girl with art-drawing lessons for kids

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Using Art Classes To Teach Confidence and Competence – Part II

In my last blog I noted that art classes can teach children confidence and competence (two skills needed for people to be resilient) by offering both guidance and challenges.

Here are a few more ways to make art classes opportunities to develop confidence and competence.

Imagine this scenario. You’ve put together a great lesson with lots of support to guide your child, and you think the lesson is going well, when, all of a sudden, the child bursts into tears, exclaiming between sobs, “It doesn’t look right!”

What should you do? Should you let the child start over? Should you help by drawing on the paper to “fix” the mistake?

Rather than answer these questions, let’s first take a step back. The problem might have been prevented with a simple explanation at the beginning of the lesson.

Before starting a project, it’s helpful to remind students that not all projects turn out the way we expect, and that even famous artists don’t like all the things they create. (If you doubt this, visit an artist’s studio sometime and see all the never-to-be-displayed work setting aside.)

Secondly, before the lesson begins, remind them that they need to agree before starting that they will finish the project, even if something seems to go wrong. Learning to turn “mistakes” into happy surprises and agreeing to persist are both helpful in building competence.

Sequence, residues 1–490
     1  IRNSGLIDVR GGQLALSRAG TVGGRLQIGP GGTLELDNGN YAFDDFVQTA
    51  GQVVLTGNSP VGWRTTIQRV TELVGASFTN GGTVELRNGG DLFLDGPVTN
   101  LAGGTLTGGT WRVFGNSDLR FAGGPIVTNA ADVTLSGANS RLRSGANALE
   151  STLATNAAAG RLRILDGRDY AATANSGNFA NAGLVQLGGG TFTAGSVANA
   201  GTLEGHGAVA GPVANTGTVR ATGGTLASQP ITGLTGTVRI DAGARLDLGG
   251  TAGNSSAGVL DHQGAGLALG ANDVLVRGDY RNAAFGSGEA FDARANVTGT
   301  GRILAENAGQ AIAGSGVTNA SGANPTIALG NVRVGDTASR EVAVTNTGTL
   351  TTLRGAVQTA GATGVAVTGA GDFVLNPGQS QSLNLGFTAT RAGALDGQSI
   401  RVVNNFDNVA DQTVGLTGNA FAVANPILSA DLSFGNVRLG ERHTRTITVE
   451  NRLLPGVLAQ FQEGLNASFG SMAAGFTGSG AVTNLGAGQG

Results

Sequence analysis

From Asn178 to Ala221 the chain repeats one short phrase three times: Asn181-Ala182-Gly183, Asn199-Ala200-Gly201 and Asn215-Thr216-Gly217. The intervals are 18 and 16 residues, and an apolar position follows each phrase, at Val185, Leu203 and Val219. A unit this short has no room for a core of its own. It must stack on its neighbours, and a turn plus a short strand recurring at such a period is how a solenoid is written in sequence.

As you can see, we’ve already answered the first question: Should you let the child start over? The answer is no. By doing so you miss the opportunity to teach them persistence, and they fail to learn that “mistakes” can often be corrected by incorporating the “mistake” into the drawing, thereby creating something wonderful that had not been planned.

Let’s look at the second question. Should you help by drawing on the student’s paper to “fix” the mistake?

It’s always a temptation, when a student is struggling, to fix the drawing with a few lines of your own. However, when you draw on a student’s work,

You demonstrate that they are NOT competent, and that you are.

You reduce their confidence.

You also steal ownership of the drawing from them, and make it your own instead.

If you must demonstrate how to draw – and sometimes that is necessary – draw on your own paper to demonstrate how to do a certain technique.

Making art is challenging work, and if the challenge is accompanied by enough support to insure success, art can be a terrific opportunity for students to learn to solve problems on their own, gain confidence, and build competence.

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